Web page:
How to Be a Savvy Negotiator for Commercial Leases
Originally published: 03.01.10 by Mike Coyne
Rental rate is just one thing that you should consider.
In many parts of the country, the commercial real estate market is softer than it has been in years. For businesses looking for new space, the soft market may offer some of the lowest rents in quite some time. As seasoned business owners know, however, the cost per square foot is only one factor to consider when evaluating a commercial lease offer.
Look Beyond Base Rate
Let’s talk about rates. Given the current state of the economy and current interest rates, it is reasonable to expect that rates will have come down in many markets. At the same time, rental rates must be economically viable for the landlord as well as the tenant. If the rate seems too good to be true, you may want to investigate the financial health of your potential landlord. Low rent from a financially distressed property owner will provide only a short-term benefit if the property owner becomes bankrupt.
Low rents should make you cautious about other lease terms, too. In some cases, artificially low rents are driving property owners to become somewhat creative in finding other revenue sources, such as inflated operating costs or the shifting of certain maintenance obligations to the tenant.
Take a Negotiating Approach
Whether you intend to negotiate your
lease or have a lawyer or broker negotiate
With respect to business operations, you will have a number of matters to consider. If the property will be used to store your equipment and your fleet, you need to be sure that the building can provide adequate security. Additionally, if you are storing equipment and vehicles, you’ll likely also want to perform maintenance on equipment and vehicles at the property. Is this within the permitted uses under the zoning rules and under the lease?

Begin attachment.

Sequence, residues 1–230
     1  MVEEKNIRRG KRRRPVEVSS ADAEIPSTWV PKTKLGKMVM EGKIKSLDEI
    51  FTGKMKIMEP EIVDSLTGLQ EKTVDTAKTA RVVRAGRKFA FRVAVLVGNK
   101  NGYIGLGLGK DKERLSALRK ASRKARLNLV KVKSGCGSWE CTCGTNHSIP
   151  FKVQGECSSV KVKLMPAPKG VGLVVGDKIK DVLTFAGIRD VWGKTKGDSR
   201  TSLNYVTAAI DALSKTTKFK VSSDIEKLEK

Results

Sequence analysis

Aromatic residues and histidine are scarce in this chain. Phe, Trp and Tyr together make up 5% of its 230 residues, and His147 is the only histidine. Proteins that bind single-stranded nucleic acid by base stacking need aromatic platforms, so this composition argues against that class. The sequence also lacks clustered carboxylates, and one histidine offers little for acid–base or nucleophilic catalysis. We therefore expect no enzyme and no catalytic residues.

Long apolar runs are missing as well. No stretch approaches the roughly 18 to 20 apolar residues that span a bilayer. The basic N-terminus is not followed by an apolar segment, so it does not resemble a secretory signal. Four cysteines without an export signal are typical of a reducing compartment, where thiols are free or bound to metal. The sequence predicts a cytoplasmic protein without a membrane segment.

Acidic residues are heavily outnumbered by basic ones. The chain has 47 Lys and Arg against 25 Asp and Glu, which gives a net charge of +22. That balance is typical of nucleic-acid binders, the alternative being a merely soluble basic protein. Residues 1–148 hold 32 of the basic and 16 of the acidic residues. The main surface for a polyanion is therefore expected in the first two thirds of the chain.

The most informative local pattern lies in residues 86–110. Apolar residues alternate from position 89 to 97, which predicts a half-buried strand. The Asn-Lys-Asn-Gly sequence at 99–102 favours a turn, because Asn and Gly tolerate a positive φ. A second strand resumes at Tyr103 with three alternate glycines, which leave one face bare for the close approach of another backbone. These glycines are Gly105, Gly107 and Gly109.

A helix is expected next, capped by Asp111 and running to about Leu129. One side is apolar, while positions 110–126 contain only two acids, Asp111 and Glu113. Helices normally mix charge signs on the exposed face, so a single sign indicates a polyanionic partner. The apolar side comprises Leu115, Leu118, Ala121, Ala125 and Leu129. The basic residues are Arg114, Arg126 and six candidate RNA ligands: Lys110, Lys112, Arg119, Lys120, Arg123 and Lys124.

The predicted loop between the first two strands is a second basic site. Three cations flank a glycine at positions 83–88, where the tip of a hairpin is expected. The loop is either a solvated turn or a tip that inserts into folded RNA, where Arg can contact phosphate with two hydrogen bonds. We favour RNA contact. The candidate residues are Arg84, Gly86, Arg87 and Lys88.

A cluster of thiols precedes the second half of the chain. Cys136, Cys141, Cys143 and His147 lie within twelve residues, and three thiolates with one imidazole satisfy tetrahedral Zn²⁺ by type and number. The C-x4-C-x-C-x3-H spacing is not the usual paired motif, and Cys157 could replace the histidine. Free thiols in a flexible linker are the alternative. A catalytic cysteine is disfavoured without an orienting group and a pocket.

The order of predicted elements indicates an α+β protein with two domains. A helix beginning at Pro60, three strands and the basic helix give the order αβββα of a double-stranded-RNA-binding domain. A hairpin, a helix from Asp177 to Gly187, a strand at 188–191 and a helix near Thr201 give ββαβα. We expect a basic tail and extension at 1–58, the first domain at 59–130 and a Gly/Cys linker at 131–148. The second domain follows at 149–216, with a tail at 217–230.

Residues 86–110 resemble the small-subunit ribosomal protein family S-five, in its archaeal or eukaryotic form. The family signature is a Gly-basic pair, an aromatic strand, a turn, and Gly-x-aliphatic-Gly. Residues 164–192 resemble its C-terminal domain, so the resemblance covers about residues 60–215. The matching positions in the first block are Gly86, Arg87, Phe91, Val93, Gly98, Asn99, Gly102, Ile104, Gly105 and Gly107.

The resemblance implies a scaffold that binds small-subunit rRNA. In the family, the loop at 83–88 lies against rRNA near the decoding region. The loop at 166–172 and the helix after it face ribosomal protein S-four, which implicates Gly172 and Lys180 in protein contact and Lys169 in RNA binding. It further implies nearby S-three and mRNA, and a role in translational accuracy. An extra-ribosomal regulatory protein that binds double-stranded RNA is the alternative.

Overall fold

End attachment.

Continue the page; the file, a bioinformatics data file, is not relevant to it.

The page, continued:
If you plan on using your space to meet with customers, you will want assurance of adequate parking, signage, etc. In summary, you will want to make the landlord aware of your intentions for the property, and you’ll want the landlord’s assurance that your intended use presents no problems.
Economic considerations start with the rental rate. However, you also need to be concerned about expenses that will be passed through to you as one of the tenants. What expenses are included in the pass-through? What are your rights to receive a detailed list of pass-through expenses? When do you have the right to audit the landlord’s books and records to ensure that only proper expenses are passed through to the tenants? Is there a cap on annual increases?
If there are apparent deficiencies with the property, such as an old roof or a parking lot that needs paving, you will want assurance that the deficiencies will be repaired at the landlord’s expense.
If circumstances arise that cause you to cease business operations, what are your obligations under the lease? In the absence of special provisions, a tenant is generally liable for all lease payments through the end of the lease term. However, landlords will sometimes modify their stance with regard to early termination. For example, a landlord may agree to allow you to terminate with limited exposure for unpaid rent if you terminate after a certain number of years or after giving several months advance written notice. Landlords will sometimes agree to termination without penalty and certain enumerated circumstances, such as the death or total disability of the business owner.
Regardless of the size of the property being rented, there should always be some room for lease negotiations. If a landlord is inflexible at the outset, consider whether the landlord will be reasonable during the lease term if problems arise.
Finally, given the length and complexity of commercial leases, and the significance of the financial commitment, you should always have a lease professionally reviewed before signing. A well-written and fair lease may provide more economic benefit in the long term than a low base-rental rate!
Michael P. Coyne is a founding partner of the law firm, Waldheger Coyne, located in Cleveland, Ohio. For more information on the firm, visit: www.healthlaw.com or call 440-835-0600.
Articles by Mike Coyne
Spotting Legal Land Mines in Your Social Media Campaign
Your responsibility extends to third-party contributors such as customers and friends.
4 Ways To Avoid Discrimination Claims Related to Hiring
Hiring a Veteran Has Benefits
Address Texting-While-Driving Head On
This theory of liability applies when employees are acting within the scope of employment or for the benefit of employer.
Keep Corporate Debt Separate from Personal Debt
If you are operating your business in corporate form, it is important to follow formalities. You should sign contracts in your capacity as an officer, and contracts should always be between your corporation and the other party. You should never be named as a party to the contract.